Alternative Investments

Non-Traded REITs Are No Treat


Want real estate exposure? These are your worst option. 

Why Preferred Stocks Quite Simply Aren’t


Preferred stocks are trendy right now, but they aren’t viable bond alternatives.

Low Yields Do Not Equal Low Returns


Even with bond yields near historic lows, investors needn’t flock to exotic alternatives to find a decent return.

A Companion to Your 2015 Investment Product Catalogue


On an oft-overlooked but critical point regarding mutual funds. 

Targeting the Wrong Objective


While the SEC mulls whether target-date funds require more disclosure, there is a much bigger flaw in these investments.

The Perils of Non-Traded REITs


Before jumping into non-traded REITs, we’d suggest investors do their due diligence.

What Does VIX^2 Equal?


The CBOE introduced a new benchmark index Tuesday—is it the silver bullet investors have been waiting for?

The 411 on ETFs

ETFs can be a useful tool, but investors still need to do their due diligence.

An Uphill Battle

German politicians recently banned naked short-selling of sovereign debt and bank shares.

Bonds in Red

Bonds can lose value too. 2009 was an example.

Touch of Fear

MLPs are being touted as the answer to investor woes--but without proper due diligence, they can represent significant risks to long-term investors.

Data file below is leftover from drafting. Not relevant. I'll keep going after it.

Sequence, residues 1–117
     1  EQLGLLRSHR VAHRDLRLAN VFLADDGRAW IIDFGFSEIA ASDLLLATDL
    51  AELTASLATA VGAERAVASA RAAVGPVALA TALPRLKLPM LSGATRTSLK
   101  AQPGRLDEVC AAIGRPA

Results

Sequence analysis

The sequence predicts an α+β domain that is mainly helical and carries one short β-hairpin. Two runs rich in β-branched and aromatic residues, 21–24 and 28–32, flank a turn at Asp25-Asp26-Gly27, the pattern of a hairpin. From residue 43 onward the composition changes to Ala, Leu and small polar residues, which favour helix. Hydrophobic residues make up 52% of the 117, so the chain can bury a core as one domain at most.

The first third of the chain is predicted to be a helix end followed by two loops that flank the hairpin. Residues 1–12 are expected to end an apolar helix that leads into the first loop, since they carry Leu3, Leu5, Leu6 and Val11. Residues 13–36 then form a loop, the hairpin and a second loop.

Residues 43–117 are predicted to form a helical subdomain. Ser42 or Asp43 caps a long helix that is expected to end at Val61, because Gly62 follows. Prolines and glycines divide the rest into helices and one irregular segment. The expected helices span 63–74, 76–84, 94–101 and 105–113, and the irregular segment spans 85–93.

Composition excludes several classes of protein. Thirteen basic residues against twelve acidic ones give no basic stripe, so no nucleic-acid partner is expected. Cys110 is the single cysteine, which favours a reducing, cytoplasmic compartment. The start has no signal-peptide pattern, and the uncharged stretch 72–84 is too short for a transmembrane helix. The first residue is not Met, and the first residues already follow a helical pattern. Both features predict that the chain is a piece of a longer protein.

Rare Earths

Materials and Emerging Markets are two equity categories likely to lead market recovery. Rare earths, a small subset of Materials, show us why.

Don’t Stifle the Prudent!

Pervasive misunderstanding of derivatives markets is fueling fears of financial instability. In fact, the role of derivatives is just the opposite.

Free to Give

To kick off the holiday week, we're taking a look at the "New Philanthropy".

Deriving Stable Markets

We hear a lot of irrational worries about the derivatives market.

Markets Do Just Fine Regulating Markets

We've been listening to the media get it wrong for so long, we almost missed it when someone actually got it right.

I'm OK, You're OK (and We're Both US Consumers)

Psychologist Thomas Harris wrote a book called I'm OK, You're OK in 1976 explaining his theory on how we perceive ourselves and others.


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